An Iraq documentary like Full Battle Rattle was inevitable. "There are actors in the film who read lines from scripts and play parts in preconceived roles," says co-director Tony Gerber. "One of the things that tickled us ... is that Full Battle Rattle walks a fine line [between documentary and fiction]. The current administration used showmanship to sell the war. Look at the rescue of Jessica Lynch, and Bush landing on aircraft carrier."
Funny, surreal and sometimes disorienting, Full Battle Rattle is a venture to the Mojave Desert where the U.S. Army maintains a battle training facility equipped with mock Iraqi villages and populated by actual Iraqi exiles playing civilians. Gerber and his co-director Jesse Moss filmed a battalion from Fort Bliss, Texas, as they spent a couple of weeks fighting to win the hearts and minds of a B-movie village called Medina Wasl (Arabic for "Junction City").
The Iraqis play villagers much as actors would—each has a very specific character and set of motives. Fake weddings are staged, fake town hall meetings are held, and Gerber and Moss get a running joke out of the actor who plays the village's deputy mayor but would rather play the mayor. Meanwhile, "insurgents" are played by Army regulars who seem thrilled to be assigned to create utter havoc. The battalion is led by Lt. Col. Robert McLaughlin (since promoted to colonel), who speaks to the camera in dead earnest about the challenges facing his men in Medina Wasl—and indeed, the simulation controllers throw in surprise variables, called "injects," every day.
Gerber and Moss met five years ago at the 2003 Full Frame, a festival memorable for the cancellation of a film deemed troublesome in light of the just-launched Iraq War, and for Moss' Speedo, a portrait of a Long Island demolition derby driver that earned him the Audience Award. "Tony was working as an AMC rep and was commissioned to create an off-center brand," Moss says. Moss pitched an idea about Republicans in Hollywood and the partnership was born.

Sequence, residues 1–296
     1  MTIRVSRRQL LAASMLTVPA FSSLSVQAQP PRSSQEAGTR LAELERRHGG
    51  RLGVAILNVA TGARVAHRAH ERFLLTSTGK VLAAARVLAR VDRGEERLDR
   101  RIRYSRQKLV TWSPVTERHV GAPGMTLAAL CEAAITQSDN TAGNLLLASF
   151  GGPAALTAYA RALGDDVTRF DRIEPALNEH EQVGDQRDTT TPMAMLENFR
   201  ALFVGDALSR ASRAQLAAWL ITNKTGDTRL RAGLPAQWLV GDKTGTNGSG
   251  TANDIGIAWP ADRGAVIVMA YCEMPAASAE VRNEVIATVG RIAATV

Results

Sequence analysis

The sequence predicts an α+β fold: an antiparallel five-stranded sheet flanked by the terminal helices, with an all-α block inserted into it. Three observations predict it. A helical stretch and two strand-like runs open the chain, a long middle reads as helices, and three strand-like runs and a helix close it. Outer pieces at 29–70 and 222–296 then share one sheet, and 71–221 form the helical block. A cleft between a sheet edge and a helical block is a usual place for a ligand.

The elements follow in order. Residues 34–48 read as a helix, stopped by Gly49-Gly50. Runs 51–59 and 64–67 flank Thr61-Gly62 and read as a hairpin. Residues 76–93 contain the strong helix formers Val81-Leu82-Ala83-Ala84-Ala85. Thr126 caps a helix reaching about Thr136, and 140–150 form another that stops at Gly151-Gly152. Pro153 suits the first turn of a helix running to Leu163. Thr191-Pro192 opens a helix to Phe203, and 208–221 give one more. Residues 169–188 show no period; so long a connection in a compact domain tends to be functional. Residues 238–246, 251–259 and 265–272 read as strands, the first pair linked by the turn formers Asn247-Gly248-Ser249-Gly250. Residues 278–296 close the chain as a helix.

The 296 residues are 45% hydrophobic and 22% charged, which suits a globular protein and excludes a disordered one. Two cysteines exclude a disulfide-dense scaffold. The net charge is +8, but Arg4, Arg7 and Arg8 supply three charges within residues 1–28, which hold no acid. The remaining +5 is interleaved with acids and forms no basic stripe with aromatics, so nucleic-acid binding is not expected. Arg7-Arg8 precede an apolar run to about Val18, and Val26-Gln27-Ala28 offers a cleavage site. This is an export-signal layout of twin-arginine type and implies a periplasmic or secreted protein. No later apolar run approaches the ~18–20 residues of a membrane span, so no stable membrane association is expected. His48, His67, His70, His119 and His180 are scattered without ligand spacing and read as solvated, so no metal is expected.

Both men have diverse résumés; Moss graduated from college in the early 1990s and parlayed his work on Bill Clinton's campaign into a job on Capitol Hill while Gerber began his career working in the New York theater scene. And both continue to work on fiction narrative projects—Moss is even developing a narrative version of his Speedo doc.
They came to the simulations through another project. After hearing about the National Training Center in Fort Irwin, Calif., "It created level of curiosity on my part," Gerber says. "We did a two-day scout at NTC and brought cameras. We were blown away, gazing at a vast ocean but only standing on the shore."
Moss adds, "There were lots of news articles, but they only scratched the surface. I think we were both trying to make sense of the war. The simulation struck us so odd yet possibly revealing of how the war being waged ... the way the army had miniaturized the war."
Do they think these simulations are an effective way to prepare for battle? "How would you define effective training? One thing they do is prepare soldiers for death," Gerber says, referring to a mock soldier's funeral seen in the film, in which mourners can be seen shedding real tears. "Some would say that if you're training for death, you've already lost."
Gerber and Moss will be present for the Civic Center screening of their film at 10 p.m. Friday.